Not sure on something?
Whilst it’s understandable that you jump to the conclusion that your employee is pulling a ‘sickie’, you should take care to not act hastily because this could leave them in a worse position. The situation does need to be investigated, even if they currently think all the signs point towards the obvious.
There’s nothing you can really do whilst the employee is off ill apart from keeping in touch with the employee following your normal processes. This means it’s important to follow a structured return to work plan when they are back in the office. A return to work meeting is important here because you can use the opportunity to ask the employee about their illness, the symptoms and if they’re feeling better in order to assess whether the illness was genuine. This should also be the time where you collect documentation, either a self-certification form or fit note, to count as evidence of the absence and the reason for absence.
Though this may seem innefective because the person has already been absent, employees are less likely to take false sickness if they know they have to explain themselves when they come back to work.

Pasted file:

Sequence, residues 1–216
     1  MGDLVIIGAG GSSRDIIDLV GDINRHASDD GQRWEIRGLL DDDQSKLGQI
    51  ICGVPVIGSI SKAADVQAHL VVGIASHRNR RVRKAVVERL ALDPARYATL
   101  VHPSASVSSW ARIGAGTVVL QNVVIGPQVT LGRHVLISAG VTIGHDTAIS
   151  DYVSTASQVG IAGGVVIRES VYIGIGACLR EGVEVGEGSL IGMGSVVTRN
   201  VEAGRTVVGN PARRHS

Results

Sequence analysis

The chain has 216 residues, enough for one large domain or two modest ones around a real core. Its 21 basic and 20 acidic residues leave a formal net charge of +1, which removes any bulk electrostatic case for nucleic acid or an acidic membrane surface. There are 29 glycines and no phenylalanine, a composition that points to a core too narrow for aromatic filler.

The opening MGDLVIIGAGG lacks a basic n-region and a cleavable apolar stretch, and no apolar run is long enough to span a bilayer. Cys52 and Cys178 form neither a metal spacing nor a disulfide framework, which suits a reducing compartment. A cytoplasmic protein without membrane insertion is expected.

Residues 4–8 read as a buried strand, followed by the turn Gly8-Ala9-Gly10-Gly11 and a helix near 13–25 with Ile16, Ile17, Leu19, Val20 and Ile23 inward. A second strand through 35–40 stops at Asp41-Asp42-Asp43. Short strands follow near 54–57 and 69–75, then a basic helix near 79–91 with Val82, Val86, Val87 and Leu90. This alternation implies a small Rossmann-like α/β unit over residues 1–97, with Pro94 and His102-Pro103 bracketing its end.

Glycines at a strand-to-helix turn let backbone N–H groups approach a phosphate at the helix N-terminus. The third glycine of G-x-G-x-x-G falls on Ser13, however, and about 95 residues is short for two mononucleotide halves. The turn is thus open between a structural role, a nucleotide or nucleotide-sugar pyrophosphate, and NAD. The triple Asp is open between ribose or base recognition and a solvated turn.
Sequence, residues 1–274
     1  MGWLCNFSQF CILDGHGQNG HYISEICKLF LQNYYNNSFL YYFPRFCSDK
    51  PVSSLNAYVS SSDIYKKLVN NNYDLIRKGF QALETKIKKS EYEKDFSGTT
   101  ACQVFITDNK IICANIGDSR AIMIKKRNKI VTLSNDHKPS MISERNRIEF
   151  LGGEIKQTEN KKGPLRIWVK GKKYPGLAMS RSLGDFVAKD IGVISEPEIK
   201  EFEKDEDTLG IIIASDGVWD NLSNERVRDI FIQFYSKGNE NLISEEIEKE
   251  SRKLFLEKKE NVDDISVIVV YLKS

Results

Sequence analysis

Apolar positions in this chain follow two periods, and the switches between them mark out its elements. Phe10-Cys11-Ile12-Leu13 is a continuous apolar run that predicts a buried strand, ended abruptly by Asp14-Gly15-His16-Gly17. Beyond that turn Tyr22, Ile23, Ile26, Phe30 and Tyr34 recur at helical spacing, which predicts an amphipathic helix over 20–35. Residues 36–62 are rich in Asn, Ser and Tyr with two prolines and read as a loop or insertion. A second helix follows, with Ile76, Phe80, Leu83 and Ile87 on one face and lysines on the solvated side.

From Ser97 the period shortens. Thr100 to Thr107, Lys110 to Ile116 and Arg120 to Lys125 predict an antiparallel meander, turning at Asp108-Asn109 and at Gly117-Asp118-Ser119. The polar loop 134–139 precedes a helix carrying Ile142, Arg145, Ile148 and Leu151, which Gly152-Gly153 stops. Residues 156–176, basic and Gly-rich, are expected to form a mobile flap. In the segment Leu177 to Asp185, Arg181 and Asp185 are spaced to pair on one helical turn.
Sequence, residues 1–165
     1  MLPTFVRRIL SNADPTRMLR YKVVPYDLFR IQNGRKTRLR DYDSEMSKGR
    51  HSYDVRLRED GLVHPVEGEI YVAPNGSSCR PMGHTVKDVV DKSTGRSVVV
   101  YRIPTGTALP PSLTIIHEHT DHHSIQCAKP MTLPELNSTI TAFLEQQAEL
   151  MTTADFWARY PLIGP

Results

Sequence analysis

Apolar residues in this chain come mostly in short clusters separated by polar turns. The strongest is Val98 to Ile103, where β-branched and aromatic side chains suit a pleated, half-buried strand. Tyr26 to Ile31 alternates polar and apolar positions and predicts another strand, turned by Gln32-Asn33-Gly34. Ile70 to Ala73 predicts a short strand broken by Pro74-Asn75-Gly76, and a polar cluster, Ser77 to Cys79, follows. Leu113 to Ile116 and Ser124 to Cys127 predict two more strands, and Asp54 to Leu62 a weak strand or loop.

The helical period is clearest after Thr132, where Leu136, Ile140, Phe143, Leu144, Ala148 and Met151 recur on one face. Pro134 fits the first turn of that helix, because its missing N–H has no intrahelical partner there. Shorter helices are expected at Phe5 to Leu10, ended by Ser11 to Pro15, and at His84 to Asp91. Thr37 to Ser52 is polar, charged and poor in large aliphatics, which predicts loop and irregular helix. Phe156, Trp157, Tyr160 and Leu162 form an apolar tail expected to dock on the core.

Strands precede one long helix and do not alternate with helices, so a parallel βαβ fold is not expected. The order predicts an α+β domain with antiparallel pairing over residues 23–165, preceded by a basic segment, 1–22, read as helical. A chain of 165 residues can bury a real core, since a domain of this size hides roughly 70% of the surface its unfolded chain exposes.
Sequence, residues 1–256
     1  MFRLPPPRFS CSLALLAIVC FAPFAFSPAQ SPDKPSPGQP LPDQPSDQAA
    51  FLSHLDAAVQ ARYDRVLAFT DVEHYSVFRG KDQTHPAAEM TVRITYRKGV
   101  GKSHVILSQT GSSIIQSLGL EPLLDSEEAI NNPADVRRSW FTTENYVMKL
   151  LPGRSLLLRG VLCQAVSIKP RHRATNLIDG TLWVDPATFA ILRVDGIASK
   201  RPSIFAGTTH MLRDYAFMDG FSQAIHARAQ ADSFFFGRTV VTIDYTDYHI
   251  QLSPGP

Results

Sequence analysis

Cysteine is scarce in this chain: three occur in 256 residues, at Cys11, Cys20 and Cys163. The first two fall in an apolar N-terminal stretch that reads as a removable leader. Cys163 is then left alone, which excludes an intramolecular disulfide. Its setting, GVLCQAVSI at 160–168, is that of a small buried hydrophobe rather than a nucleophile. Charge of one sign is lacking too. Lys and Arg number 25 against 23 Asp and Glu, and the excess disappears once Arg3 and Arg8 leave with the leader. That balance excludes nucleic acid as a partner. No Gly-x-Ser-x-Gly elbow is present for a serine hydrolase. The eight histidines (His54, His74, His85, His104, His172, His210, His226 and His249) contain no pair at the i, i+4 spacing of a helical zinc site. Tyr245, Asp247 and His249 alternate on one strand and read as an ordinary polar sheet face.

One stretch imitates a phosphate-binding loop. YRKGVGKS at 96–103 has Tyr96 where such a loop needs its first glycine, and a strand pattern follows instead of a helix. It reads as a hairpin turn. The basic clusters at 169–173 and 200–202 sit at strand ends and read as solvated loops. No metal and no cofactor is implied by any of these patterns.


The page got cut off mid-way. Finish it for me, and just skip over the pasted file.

If you have reasonable grounds to believe that the illness was false, for example, by having a witness who has informed you of their plan, their reasons don’t match up or evidence gathered by reasonable means such as photos posted on social media sites, then your absence policy might allow you to treat the absence as unauthorised and then take disciplinary action against the employee.
Importantly, reasonable action should be taken against the matter to ensure that other employees don’t do the same thing and you should continue to measure levels of sickess absence. Additionally, if the business doesn’t have an absence policy then now might be the right time to introduce one so that action can be taken the next time.